IndiGo has grown its fleet size to around 100 aircraft, and it operates a single-fleet model (Airbus A320) in order to optimise its spare-parts inventory and training expenses, as well as to generate additional efficiencies. All this has helped IndiGo increase its market share from 12.5 per cent to nearly 32 per cent in five years. And even in turbulent times, IndiGo is making money, with margins of 3 per cent in FY14. No surprise, then, it is popular both with business and leisure travellers and seen as a benchmark for its industry.

Another great example is Godrej Consumer Products (GCPL), which aggressively pursued growth through acquisitions and partnerships throughout a turbulent economy since 2011. The growth is evidenced by the 3.5-fold increase in its share price over the FY10-14 period. Additionally, GCPL has increased its topline around 27 per cent annually in each of the last three years. Its international business, which contributes about 47 per cent to the company's topline, up from 15 per cent in 2010, has grown mostly through acquisitions. Among others, these acquisitions include Issue Group in Latin America, PT Megasari Makmur Group in Indonesia and four acquisitions across the African continent. The growth has been achieved following the "3x3" strategy - focusing on three business categories in three geographies. GCPL has also made a concerted effort to cross-pollinate ideas and innovations across borders. One example of a recent innovation by the company is the Good knight Fast Card, which is nothing more than a piece of paper that when burnt is an effective format for repelling mosquitoes.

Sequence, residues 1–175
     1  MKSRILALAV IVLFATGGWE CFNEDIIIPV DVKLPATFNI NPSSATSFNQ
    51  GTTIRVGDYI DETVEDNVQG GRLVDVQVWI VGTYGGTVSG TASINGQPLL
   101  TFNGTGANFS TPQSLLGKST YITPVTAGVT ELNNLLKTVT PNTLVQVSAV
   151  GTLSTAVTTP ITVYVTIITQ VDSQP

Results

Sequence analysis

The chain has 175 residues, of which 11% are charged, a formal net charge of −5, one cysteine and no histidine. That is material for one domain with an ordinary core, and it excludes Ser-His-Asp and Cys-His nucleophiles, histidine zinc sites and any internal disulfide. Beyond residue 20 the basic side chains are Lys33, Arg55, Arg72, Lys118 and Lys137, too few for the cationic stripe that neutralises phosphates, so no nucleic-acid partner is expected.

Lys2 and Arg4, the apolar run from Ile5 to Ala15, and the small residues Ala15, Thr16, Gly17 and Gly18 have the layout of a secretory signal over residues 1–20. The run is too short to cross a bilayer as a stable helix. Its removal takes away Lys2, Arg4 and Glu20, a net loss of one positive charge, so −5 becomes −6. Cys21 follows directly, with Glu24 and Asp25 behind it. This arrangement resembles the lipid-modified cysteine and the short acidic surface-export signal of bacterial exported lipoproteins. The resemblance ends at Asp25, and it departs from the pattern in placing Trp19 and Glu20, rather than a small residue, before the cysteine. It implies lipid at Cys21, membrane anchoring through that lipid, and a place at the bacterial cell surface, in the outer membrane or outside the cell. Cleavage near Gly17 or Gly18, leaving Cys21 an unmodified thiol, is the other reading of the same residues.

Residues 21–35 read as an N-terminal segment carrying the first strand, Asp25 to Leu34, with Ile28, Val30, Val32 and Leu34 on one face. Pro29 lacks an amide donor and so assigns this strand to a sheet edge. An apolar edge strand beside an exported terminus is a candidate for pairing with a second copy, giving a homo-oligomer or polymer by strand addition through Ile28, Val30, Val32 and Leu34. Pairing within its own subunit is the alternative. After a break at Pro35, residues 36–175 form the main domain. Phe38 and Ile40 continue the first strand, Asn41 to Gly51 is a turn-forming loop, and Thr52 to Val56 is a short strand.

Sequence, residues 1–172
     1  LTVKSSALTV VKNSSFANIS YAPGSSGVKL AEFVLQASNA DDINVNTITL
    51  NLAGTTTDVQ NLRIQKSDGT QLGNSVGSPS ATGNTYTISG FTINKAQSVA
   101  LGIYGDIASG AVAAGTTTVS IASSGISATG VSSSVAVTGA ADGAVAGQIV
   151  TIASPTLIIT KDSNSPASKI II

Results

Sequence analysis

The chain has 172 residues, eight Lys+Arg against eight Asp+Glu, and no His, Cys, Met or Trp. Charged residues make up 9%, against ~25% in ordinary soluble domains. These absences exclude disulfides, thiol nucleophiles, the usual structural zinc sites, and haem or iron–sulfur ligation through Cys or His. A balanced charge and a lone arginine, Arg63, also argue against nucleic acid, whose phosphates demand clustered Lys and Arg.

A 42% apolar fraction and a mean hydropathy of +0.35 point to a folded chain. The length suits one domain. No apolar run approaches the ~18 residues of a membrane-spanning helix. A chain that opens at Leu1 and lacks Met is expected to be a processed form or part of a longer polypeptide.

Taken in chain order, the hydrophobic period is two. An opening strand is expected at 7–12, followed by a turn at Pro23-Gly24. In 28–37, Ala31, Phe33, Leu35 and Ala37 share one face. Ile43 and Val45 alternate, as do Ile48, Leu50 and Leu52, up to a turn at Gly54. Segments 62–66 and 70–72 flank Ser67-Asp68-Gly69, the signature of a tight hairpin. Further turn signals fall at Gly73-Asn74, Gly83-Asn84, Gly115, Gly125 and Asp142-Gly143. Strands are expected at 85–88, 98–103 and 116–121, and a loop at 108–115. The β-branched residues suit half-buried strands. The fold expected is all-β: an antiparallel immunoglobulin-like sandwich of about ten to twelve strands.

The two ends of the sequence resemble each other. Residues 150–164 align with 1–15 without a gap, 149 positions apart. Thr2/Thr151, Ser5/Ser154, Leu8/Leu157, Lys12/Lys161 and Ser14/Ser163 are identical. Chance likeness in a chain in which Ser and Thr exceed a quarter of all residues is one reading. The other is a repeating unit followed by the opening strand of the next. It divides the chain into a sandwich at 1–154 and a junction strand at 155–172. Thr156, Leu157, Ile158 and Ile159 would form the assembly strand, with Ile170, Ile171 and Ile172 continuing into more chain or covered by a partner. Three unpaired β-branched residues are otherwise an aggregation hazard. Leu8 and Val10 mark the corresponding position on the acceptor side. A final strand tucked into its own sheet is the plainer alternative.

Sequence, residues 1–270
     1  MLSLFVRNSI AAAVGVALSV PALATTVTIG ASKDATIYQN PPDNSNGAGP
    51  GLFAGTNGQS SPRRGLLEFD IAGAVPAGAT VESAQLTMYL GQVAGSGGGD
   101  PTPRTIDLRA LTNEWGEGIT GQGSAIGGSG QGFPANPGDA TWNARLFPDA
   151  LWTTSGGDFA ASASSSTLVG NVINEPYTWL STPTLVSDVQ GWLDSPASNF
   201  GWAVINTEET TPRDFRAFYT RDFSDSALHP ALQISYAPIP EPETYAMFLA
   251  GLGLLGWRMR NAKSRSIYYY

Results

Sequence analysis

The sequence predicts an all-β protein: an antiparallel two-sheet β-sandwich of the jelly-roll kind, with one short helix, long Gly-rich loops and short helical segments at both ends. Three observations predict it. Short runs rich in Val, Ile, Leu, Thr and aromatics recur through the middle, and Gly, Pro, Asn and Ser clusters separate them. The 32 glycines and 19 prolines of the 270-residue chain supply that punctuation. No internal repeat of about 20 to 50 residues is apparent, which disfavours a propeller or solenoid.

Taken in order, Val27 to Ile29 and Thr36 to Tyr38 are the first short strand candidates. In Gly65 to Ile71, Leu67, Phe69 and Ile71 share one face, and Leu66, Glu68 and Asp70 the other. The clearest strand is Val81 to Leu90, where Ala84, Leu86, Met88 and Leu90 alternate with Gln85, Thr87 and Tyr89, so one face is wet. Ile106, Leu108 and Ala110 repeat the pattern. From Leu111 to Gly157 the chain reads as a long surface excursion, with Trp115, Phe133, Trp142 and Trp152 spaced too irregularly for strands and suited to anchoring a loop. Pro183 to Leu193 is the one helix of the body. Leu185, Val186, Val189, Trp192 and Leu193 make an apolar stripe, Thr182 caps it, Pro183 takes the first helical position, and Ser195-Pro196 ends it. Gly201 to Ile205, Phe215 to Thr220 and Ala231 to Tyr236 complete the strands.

As these companies show, it is important to press the gas a few seconds before the competition when shifting out of a downturn. Most companies tend to wait for certainty, but leaders will take an educated guess, and act quickly and decisively.

Companies that are thoughtful and consistent in their investments during the downturn can gain from a run of breakaway growth once the market revives. In India today the question is not about when to upshift; we believe impending winners have already stocked up on fuel and are pressing the accelerator as we speak.